Scotland have a big call to make regarding Blair Kinghorn. While he will surely be on the plane to France (injury permitting), the question over his role in the team surely persists. Non-selection and then injuries have severely limited Adam Hastings’ gametime at Test level in recent years, and the inexperience of the next options (Ross Thompson, who is also currently unavailable, and Edinburgh-bound Ben Healy) has really left Kinghorn as the de facto back-up to Finn Russell.

And yet the questions over his ability to be a Test-level fly half remain. While he has all the attributes to play the position, he does not have a wealth of experience playing the position at the top levels of the game, and as a result the team appears much more formulaic and easy to defend against compared to when Finn Russell is in charge of things. And then in a tight match, his lack of reliability as a goal kicker could also prove crucial as when he is at 10 there is no other regular goal kicker in the XV.

Assuming everyone is available when the World Cup comes around, Gregor Townsend has a big call to make. Does he trust Kinghorn as a 10 on the biggest stage of all? Or does he look to take another specialist at the position and utilise Kinghorn as a fullback (where I would argue he could actually improve the team by starting instead of centurion Stuart Hogg) and emergency cover at 10?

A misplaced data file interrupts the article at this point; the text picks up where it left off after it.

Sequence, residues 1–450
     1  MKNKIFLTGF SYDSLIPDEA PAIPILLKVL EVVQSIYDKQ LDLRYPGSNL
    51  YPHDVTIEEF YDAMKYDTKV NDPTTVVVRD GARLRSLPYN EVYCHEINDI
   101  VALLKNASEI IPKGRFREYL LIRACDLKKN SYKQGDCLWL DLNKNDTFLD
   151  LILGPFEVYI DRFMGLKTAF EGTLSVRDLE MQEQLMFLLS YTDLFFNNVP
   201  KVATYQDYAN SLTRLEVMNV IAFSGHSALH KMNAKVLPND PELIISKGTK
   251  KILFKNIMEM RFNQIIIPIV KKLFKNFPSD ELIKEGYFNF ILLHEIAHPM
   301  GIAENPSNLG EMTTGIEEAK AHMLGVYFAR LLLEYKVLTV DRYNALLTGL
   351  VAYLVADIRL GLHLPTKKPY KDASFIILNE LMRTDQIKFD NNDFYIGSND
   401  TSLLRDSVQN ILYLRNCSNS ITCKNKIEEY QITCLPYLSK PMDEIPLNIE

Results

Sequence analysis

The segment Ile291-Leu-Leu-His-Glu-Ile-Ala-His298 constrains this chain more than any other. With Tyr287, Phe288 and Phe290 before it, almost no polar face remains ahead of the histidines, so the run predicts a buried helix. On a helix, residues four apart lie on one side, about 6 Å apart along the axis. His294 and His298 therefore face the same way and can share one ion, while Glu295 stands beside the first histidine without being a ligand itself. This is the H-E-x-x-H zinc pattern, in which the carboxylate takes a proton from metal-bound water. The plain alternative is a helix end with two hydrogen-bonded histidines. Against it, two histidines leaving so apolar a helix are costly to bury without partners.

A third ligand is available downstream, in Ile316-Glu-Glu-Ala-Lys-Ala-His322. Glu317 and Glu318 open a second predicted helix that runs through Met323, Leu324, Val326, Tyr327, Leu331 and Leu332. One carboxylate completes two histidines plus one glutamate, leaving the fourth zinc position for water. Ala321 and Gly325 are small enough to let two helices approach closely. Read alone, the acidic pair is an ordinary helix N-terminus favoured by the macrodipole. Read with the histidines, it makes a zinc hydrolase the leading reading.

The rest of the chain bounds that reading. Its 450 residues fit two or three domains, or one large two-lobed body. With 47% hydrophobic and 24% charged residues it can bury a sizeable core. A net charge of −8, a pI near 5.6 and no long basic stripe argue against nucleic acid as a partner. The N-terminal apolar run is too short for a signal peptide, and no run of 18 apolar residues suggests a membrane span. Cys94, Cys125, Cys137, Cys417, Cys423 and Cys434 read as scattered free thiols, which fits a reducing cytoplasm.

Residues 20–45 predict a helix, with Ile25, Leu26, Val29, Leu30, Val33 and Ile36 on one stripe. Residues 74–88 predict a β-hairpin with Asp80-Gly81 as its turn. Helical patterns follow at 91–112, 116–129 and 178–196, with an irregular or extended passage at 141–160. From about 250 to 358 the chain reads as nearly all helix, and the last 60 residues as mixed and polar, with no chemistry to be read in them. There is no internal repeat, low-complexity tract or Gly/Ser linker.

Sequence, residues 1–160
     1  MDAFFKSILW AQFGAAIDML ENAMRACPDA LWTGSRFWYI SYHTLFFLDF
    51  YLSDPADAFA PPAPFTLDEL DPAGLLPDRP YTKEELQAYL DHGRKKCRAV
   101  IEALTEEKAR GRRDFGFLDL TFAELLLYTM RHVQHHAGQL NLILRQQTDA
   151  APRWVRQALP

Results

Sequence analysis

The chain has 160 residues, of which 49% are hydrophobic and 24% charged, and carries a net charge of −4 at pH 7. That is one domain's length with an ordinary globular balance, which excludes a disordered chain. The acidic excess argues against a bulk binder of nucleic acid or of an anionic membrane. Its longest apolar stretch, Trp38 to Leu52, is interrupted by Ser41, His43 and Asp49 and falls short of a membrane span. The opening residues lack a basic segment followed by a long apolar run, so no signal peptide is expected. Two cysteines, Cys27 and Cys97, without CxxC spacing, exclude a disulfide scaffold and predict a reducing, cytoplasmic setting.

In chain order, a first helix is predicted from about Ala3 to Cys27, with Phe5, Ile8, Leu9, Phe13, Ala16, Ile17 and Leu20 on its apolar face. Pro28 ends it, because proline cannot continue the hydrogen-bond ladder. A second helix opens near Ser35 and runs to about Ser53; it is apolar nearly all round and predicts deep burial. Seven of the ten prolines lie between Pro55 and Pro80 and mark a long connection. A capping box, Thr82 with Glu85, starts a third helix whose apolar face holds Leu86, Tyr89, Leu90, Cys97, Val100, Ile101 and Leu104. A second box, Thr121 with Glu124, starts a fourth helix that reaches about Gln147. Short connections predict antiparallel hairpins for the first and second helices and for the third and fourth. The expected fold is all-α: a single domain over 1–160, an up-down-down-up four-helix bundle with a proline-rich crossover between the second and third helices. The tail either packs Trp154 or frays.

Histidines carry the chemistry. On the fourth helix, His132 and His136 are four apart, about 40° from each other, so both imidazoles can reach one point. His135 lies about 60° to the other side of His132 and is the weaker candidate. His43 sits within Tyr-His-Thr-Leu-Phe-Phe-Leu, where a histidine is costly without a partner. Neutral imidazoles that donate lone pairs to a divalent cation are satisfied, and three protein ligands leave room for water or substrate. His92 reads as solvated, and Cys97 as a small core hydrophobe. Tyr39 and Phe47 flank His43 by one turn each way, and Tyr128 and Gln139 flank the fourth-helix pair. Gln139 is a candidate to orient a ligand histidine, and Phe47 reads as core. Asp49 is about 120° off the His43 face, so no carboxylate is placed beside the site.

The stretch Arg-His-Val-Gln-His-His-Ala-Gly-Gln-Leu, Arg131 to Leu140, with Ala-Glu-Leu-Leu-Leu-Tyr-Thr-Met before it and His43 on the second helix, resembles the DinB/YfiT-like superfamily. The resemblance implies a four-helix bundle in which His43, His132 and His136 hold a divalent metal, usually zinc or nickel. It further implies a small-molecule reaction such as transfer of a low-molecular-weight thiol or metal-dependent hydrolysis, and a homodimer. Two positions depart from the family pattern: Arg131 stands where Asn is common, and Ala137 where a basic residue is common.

Italy have learned from this tournament. They have seen how playing out from deep has hurt them, but also seen how reliable their defence has been for much of the tournament. And today, with Scotland’s chief creative talent Finn Russell absent, the Azzurri have brought it all together.

Though there were some moments where they tried playing from deep (which generally cost them), there was much more focus on playing the game in the right area of the pitch, kicking deep when in their own half and challenging Scotland to run it back. And then they were meeting the Scottish attack with a sturdy defence and, even more importantly, having success at the breakdown. While they earned a couple of crucial turnover penalties, what they also managed to do was slow down the Scottish ball, which meant that by the time Ben White was getting the ball away, the hosts were generally looking at a set defensive line, which Blair Kinghorn struggled to break down.

This is a timely reminder that we’re only a year on from the first real flashes of Italy being truly competitive. This is a young team that is still growing and finding itself. And as they learn to manage the game and cut out the errors in attack, this will become a very hard team to play against.